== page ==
Jewelry Retailer Kidnapped and Beaten in New Jersey, Perpetrators Flee

The home invasion: It’s the worst nightmare of fine jewelry retailers the world over, and it played out in terrifyingly slow motion for a husband and wife—co-owners of a Union City, N.J., jewelry store—at their Lyndhurst, N.J., home the night of Nov. 13.

Three masked men broke into the couple’s home, shortly after they had returned home after closing the store. The suspects tied up the wife; while one man stayed to guard her, the other two forced the husband into a car. Police say they were waiting for the couple’s son to get home before driving to the jewelry store with the intention of robbing it.

The three men had clearly cased-out the family’s daily habits. “They pretty much knew the family’s movements, what goes on a daily basis,” Lyndhurst police chief James O’Connor told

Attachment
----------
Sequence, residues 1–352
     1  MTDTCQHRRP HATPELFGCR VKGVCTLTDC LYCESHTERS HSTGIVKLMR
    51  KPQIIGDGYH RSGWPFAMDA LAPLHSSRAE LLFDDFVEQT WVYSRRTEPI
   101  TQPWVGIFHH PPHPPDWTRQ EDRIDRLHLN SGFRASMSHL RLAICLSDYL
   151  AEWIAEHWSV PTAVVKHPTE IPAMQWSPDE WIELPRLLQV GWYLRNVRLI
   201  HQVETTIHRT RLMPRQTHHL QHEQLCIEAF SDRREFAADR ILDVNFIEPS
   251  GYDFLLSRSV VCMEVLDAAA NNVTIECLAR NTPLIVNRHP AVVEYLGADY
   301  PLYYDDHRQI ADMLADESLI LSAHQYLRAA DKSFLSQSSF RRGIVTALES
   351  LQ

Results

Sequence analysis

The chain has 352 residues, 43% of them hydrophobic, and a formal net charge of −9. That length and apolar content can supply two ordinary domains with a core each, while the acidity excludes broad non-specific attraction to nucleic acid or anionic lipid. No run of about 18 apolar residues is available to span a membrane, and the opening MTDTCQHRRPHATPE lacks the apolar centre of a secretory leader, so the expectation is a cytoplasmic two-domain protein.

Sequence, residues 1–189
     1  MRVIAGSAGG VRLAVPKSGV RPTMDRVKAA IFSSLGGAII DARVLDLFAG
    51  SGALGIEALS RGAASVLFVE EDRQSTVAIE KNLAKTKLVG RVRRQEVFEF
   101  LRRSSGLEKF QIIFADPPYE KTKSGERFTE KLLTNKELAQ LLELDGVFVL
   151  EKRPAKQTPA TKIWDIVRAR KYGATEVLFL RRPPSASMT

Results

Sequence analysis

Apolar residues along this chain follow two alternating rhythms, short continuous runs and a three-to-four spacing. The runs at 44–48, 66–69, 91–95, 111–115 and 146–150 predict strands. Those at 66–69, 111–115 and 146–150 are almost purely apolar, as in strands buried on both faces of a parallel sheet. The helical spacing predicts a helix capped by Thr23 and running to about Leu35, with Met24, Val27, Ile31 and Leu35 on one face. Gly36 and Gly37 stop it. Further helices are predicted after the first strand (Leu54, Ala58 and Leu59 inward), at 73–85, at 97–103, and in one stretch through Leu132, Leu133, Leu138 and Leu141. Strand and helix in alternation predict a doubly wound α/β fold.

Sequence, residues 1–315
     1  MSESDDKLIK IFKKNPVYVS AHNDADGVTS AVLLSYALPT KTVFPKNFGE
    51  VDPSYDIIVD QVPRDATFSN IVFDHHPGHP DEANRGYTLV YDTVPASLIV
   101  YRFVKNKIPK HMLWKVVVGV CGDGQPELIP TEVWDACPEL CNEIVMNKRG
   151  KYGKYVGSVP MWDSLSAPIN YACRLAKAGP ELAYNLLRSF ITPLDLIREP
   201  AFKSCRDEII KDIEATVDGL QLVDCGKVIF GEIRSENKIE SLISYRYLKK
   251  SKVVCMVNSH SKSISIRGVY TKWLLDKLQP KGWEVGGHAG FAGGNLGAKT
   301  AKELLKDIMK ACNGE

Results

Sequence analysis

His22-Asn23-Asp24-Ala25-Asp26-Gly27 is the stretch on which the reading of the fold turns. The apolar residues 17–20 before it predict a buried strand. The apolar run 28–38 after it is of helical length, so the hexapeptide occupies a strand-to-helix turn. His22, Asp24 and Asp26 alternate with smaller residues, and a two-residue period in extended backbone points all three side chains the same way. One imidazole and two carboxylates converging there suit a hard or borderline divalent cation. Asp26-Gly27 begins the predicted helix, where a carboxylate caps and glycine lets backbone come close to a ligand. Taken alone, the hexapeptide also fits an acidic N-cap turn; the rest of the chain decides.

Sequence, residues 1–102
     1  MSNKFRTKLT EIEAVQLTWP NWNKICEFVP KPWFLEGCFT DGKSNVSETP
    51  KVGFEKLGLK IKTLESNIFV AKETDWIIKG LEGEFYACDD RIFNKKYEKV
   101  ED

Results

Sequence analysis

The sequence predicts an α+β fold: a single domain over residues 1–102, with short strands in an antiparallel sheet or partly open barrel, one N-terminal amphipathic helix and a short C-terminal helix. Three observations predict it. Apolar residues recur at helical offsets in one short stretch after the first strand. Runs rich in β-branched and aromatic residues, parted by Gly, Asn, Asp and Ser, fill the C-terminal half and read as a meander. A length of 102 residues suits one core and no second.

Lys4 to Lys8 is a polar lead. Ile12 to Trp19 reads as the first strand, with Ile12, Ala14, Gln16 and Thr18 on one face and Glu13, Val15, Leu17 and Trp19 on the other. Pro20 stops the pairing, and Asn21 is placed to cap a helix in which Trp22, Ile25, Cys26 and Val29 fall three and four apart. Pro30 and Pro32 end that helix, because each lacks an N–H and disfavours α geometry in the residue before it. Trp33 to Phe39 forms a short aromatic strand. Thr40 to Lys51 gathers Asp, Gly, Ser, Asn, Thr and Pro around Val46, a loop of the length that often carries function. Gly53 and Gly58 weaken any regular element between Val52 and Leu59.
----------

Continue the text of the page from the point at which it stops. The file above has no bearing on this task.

The wife eventually freed herself and answered a phone call, asking the relative on the line to dial 911 immediately. When police arrived at the house just after 9 p.m., the suspect guarding the wife ran out the back of the house; police chased after him, but he got away. It’s believed that he called the other two suspects to warn them that police were on their tails, because the husband was dropped off abruptly in Clifton, N.J., while the car was en route to the jewelry store.

The victim flagged down a police car and was admitted into the hospital for cuts on his head and face. Police told that he was beaten in his home and then again in the car.

No arrests have been made.

The victims and jewelry store were not named, but aerial footage of the story on showed a storefront with the signage Saint Augustine Jewelry, while a voice-over identified the shop as belonging to the victims. The business name does not appear in telephone or online listings.

Experts in the jewelry security field recommend that storeowners mix up their daily routine—taking different routes to and from work, and at different times—to throw off miscreants who may be hoping to plan a heist around a retailer’s habits.

Here’s hoping the authorities find this trio of dangerous criminals—and fast.

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